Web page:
Music, School of

 

Date of this Version

12-2015

Comments

A THESIS Presented to the Faculty of The Graduate College at the University of Nebraska In Partial Fulfillment of Requirements For the Degree of Master of Music, Major: Music, Under the Supervision of Professor Robert H. Woody. Lincoln, Nebraska: December, 2015

Copyright (c) 2015 Nicole A. Chapman

Abstract

The Framework for 21st Century Learning identifies four learning and innovation skills to prepare students for a changing world. The 4Cs identified are critical thinking, communication, collaboration, and creativity (Framework for 21st Century Learning, 2015). With the adoption of this new teaching framework, it is important that music educators evaluate their own teaching methods to meet the needs of their students in a changing society. The purpose of this study was to examine how cooperative group learning is currently integrated in the Orff-Schulwerk certified teachers’ elementary music classroom as part of the creative music process. In this qualitative study, I interviewed seven elementary music teachers in Omaha, Nebraska, to examine their roles as planners and organizers of creative and collaborative opportunities for students. The teachers were selected using a criterion-based sample (Creswell, 2013). Participants teach elementary general music and are certified in the Orff Schulwerk process. Grounded theory technique was used to extract themes or codes from the interviews (Creswell, 2013). Data was open, axial, and selective coded. Categories emerged and were broken into themes and dimensionalized examples. Three major roles of the teachers emerged as themes from the data: modelers, facilitators, and developers. All three themes show the importance of the teachers in the collaborative music creation process and their desire to develop the “whole child” through collaborative music creation. The themes are broken down further to show how Orff-Schulwerk teachers use group learning to enhance the creative development of their students. Themes discovered may guide future development opportunities for music educators to meet the needs of their students in a changing society.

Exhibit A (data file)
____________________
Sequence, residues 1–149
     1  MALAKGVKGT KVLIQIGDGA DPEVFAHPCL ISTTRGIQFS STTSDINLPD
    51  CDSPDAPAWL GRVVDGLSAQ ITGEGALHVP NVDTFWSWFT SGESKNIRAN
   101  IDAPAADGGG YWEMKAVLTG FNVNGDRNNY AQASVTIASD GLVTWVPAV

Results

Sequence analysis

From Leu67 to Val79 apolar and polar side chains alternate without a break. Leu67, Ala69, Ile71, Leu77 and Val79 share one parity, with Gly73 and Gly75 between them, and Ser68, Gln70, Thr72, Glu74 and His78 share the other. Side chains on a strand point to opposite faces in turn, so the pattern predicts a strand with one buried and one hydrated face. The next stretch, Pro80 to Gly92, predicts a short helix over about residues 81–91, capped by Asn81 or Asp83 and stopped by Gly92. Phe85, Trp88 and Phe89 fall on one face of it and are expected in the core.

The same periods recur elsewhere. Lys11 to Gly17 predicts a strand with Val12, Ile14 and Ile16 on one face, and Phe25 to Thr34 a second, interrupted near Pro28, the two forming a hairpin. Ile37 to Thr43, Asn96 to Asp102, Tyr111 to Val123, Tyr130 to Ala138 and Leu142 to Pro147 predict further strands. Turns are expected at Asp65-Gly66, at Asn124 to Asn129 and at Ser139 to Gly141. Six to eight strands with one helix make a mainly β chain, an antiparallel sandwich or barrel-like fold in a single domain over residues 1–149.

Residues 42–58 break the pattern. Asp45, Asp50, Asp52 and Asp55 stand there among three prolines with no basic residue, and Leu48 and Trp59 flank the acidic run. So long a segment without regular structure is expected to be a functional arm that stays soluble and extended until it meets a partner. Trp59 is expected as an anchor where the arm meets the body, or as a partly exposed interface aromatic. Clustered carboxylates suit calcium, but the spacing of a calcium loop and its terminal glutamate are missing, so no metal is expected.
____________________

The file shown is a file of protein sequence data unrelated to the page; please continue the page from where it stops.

Advisor: Robert H. Woody